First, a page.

"Those crazies in Montana who say, 'We're going to kill ATF agents because the U.N.'s going to take over' -- well, they're beginning to have a case."
Radio host Pete Santilli:
"I’m not calling for — well, yes I’m calling for the military to restore our Republic. Is it a military coup? I would say that it’s probably the most orderly fashion to do this."
Congressional candidate John Stone:
"My forefathers used a cannon like this to fight the British in Savannah and win us a constitution. As the only licensed firearms dealer in America running for Congress, I’m willing to do the same if we have to."
And finally, Alex Jones with his best known pro-gun, pro-revolution rant (timecode 2:34):
Are we really supposed to believe they're all just kidding or speaking metaphorically about, you know, using bullets instead of ballots? Do any of the above quotes sound like jokes to you?
And out of the entire rogues gallery of irresponsible characters, Alex Jones has spent years at the vanguard of the armed revolution movement, most recently during the Bundy Ranch standoff when he used public airwaves to frantically cheerlead the Bundy throngs who indeed marched toward BLM officials in a traditional Napoleonic line of battle while a militia sniper infamously took aim at government employees from a nearby perch.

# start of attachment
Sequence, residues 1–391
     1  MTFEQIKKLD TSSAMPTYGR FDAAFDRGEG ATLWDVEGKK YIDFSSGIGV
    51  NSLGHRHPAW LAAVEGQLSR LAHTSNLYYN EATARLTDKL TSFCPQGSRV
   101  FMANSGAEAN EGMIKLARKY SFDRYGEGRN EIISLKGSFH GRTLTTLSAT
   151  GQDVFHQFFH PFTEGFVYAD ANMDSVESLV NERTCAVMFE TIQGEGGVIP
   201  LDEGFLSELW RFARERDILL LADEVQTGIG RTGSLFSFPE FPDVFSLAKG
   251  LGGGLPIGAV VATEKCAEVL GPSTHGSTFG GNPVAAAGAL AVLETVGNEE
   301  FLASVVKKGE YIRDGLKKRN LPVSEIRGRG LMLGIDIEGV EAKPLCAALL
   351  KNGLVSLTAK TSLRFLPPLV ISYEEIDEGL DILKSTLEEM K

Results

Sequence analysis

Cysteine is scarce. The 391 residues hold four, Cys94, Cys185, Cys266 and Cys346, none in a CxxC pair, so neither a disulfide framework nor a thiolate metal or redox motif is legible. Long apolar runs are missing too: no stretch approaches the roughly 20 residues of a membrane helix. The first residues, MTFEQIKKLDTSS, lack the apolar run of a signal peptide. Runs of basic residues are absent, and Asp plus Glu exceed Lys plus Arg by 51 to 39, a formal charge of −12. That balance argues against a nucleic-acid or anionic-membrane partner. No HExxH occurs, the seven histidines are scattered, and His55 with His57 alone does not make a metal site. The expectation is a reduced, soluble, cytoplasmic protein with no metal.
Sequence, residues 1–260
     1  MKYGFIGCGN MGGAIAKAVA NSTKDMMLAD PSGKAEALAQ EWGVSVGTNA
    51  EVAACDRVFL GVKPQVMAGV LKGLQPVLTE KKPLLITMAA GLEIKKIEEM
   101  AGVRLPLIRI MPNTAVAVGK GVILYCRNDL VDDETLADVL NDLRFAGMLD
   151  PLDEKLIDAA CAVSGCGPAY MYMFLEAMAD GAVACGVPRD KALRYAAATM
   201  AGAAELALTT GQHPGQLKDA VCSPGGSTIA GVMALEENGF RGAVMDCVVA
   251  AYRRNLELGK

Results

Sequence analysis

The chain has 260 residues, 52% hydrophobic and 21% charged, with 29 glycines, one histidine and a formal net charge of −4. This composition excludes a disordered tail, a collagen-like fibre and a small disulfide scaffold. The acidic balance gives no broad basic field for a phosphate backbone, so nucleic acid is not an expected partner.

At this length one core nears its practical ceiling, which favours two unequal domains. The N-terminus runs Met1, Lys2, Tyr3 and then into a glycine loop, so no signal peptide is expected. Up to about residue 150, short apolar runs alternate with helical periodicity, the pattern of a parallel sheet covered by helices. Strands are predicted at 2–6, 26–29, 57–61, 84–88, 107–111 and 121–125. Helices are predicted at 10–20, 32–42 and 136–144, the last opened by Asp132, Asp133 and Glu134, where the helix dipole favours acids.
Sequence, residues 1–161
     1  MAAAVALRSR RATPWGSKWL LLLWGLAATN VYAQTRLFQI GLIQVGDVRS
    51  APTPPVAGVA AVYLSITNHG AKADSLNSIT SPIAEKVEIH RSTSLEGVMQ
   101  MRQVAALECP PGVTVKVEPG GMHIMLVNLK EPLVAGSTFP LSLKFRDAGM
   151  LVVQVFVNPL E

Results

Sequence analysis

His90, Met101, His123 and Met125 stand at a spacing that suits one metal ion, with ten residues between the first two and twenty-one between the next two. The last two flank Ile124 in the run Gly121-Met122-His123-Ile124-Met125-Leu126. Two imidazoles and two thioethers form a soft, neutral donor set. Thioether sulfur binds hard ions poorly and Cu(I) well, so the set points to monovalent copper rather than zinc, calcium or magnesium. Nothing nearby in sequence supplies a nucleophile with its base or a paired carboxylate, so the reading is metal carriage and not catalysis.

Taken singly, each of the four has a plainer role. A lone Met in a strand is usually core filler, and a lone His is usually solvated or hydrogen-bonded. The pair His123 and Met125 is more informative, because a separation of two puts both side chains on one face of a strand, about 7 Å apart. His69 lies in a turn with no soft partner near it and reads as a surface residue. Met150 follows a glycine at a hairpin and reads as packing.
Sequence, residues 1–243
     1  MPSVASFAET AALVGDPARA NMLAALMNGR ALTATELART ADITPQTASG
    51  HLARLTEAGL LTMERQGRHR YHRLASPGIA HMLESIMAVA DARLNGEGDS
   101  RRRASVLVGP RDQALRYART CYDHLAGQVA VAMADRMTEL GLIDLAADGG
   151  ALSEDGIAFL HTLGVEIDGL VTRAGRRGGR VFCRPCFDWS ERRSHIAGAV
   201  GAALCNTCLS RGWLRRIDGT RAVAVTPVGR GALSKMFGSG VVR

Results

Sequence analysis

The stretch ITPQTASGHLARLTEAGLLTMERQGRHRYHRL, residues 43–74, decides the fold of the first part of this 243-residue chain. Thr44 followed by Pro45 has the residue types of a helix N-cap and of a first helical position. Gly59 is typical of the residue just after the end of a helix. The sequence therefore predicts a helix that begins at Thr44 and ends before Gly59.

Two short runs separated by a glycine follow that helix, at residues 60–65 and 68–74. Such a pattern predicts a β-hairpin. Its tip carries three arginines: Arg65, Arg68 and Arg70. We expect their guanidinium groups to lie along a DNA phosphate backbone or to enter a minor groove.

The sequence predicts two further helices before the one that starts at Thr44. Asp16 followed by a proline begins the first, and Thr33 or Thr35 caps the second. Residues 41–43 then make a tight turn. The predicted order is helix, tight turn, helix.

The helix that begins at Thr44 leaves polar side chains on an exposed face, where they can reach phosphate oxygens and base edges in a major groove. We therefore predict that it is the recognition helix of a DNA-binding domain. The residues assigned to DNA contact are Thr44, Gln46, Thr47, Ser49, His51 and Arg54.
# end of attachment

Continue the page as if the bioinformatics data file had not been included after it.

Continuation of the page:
These militiamen and gun hoarders don't require much of an excuse to start shooting, and when politicians and the far-right media routinely legitimizes the use of firearms as a means of resolving conflict, we can't be expected to believe that it was something else that motivated the Millers to take up arms and act upon the urging of everyone from Michele Bachmann to Alex Jones to soon-to-be U.S. senator and pig-castration expert Joni Ernst.
So stop insulting our intelligence by telling us that the Miller-declared "revolution" in Las Vegas was neither about firearms nor the very serious leaders who have been preaching the use of firearms in a revolution context. The evidence is irrefutable: there are too many politicians and talkers who are complicit for what happened in Las Vegas.